At 11:55 PM 17/07/2001 -0700, Lee Corbin wrote:
>This "rule" is a misnomer to the extent that companies offer people
>free choices whether to buy their products or not.
Have seen the movie "Rollerball", Lee?
How likely is it that a few mega-corporations will offer anybody free
choice when they can carve up the world into non-competing groups? We are
already racing headlong toward that arrangement now. Already when several
companies dominate a field they often don't really compete -- they politely
agree upon what they think they can get and fix the prices. How much less
likely do you think it will be when governments can no longer break up
monopolies or unhealthy concentrations of power? Do you think the simple
system of a free market offers any solution to consolidation of power into
fewer and fewer hands?
Capitalism is great as far as it goes, but it has that same failing that
most other systems have: all the power ends up in a few hands. Those hands
can be benevolent or malevolent. If anybody can tell me a way out of that I
am all ears.
>the more [societies] are under centralized control---the worse they are.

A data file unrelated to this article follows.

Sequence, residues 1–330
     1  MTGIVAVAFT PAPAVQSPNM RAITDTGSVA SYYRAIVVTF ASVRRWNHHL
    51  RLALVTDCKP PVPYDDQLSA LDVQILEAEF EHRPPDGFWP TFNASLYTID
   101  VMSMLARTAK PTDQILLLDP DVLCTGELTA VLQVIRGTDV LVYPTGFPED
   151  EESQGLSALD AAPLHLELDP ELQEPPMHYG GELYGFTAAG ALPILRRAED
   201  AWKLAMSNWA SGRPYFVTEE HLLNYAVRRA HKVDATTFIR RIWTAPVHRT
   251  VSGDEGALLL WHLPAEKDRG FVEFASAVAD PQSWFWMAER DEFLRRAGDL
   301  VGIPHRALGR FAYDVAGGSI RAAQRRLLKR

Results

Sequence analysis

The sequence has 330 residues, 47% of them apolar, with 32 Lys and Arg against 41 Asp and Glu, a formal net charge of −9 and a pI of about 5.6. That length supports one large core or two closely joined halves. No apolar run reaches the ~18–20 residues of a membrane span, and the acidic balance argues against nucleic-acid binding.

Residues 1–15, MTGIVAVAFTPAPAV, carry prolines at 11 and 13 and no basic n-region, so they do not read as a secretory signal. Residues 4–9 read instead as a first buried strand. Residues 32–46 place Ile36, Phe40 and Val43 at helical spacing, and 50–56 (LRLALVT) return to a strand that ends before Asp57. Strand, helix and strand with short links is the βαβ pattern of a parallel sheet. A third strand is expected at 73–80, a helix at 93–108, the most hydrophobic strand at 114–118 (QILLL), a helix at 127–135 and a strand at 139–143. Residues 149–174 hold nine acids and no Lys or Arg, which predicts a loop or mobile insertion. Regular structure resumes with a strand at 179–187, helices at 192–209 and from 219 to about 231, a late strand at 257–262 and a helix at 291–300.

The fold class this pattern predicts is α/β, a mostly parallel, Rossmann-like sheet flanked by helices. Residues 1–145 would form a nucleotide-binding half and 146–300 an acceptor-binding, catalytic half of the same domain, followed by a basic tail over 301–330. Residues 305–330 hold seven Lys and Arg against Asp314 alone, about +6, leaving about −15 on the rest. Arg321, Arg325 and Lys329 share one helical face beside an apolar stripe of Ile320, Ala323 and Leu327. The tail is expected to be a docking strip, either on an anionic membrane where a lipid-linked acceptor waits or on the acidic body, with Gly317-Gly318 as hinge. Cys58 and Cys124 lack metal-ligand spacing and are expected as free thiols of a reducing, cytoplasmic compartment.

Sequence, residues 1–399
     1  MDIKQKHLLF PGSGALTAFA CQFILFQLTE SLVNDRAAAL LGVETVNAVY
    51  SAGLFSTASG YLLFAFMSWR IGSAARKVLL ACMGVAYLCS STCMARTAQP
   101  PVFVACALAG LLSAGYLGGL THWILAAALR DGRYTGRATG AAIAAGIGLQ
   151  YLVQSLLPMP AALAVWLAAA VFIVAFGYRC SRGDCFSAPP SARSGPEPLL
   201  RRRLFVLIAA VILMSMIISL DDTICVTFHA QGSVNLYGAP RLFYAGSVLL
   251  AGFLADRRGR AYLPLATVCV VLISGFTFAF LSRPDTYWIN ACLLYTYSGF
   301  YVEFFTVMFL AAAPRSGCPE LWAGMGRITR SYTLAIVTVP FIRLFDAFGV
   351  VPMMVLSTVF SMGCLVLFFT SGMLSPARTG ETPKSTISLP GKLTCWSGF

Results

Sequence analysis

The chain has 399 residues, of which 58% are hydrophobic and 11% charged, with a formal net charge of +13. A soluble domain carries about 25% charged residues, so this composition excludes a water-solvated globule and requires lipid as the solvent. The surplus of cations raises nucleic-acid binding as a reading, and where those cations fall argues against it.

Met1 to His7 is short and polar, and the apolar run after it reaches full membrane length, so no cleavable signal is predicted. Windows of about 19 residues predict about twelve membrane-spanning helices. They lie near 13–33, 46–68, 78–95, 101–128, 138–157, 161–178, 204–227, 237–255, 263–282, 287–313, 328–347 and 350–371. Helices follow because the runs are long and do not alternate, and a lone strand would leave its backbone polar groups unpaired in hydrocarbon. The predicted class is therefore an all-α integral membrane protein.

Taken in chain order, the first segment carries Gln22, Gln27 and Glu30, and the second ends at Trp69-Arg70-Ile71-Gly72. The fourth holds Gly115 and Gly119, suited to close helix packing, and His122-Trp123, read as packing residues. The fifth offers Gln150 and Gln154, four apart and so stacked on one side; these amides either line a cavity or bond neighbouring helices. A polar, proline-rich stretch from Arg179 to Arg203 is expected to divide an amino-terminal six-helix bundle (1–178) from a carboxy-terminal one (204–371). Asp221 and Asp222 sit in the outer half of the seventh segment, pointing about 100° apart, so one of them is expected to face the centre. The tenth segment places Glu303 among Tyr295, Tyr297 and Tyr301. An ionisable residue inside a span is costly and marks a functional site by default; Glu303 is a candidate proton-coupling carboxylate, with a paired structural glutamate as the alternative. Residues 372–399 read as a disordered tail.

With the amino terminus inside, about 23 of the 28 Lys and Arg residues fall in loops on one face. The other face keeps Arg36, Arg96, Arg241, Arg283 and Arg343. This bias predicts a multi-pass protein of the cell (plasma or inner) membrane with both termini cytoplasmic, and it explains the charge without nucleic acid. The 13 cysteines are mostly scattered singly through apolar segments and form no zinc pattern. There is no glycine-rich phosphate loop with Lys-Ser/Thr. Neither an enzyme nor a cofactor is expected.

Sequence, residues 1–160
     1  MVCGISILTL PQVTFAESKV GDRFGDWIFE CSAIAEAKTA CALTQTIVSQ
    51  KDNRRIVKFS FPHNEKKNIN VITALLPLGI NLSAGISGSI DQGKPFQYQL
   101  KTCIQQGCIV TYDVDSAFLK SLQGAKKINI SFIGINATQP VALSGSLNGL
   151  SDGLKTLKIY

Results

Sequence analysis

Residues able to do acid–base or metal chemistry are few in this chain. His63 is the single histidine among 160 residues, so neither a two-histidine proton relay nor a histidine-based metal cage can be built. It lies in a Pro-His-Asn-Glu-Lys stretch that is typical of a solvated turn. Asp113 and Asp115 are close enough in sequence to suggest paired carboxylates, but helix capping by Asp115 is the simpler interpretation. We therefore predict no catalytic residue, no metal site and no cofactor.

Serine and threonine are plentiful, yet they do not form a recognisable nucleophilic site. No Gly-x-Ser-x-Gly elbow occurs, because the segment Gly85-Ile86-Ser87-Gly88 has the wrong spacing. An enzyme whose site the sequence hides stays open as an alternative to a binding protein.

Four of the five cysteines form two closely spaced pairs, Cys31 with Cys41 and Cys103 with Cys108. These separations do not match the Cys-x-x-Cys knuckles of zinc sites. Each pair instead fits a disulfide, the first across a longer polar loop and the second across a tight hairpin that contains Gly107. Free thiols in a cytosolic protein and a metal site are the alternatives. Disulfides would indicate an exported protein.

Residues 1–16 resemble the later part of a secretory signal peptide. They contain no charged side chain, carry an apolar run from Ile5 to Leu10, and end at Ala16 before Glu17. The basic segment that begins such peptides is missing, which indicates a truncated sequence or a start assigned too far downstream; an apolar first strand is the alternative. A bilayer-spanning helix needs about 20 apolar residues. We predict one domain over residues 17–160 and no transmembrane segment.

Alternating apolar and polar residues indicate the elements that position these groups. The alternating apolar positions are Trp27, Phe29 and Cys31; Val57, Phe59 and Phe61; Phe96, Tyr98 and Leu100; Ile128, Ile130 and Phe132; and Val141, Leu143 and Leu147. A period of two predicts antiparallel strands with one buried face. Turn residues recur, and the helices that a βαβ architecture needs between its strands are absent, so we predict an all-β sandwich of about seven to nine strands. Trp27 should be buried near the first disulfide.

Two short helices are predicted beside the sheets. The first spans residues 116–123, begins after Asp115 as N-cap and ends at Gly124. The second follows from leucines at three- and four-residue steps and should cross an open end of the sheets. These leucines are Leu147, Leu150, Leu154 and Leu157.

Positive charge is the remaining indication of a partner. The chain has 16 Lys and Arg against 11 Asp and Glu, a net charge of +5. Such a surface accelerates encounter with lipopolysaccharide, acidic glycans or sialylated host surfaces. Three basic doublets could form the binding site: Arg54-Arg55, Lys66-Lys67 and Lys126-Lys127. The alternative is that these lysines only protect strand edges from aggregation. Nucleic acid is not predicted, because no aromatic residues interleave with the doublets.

Yes, this is exactly my point.
I will repeat my standard disclaimer: I am not anti-capitalist. I am just
against the use of it as a replacement religion. Religions of any color are
I actually might desist from chatting on this thread much anymore. It makes
me look like a pessimist. In actual fact, I really do think we will find a
solution (I have a feeling it is in the open-source movement somehow). Also
I feel like it is a bit like arguing with religious believers, with my
point being continually missed. It is really not that big a point that I
should take up this much time... all I wanted to do was just to sound a
note of caution.
And I have got no work done. :-(
I have to work so I can realise my own capitalist aims. :-)
Q. What is the similarity between an elephant and a grape?
A. They are both purple... except for the elephant.
Virtual Reality Association http://www.vr.org.au
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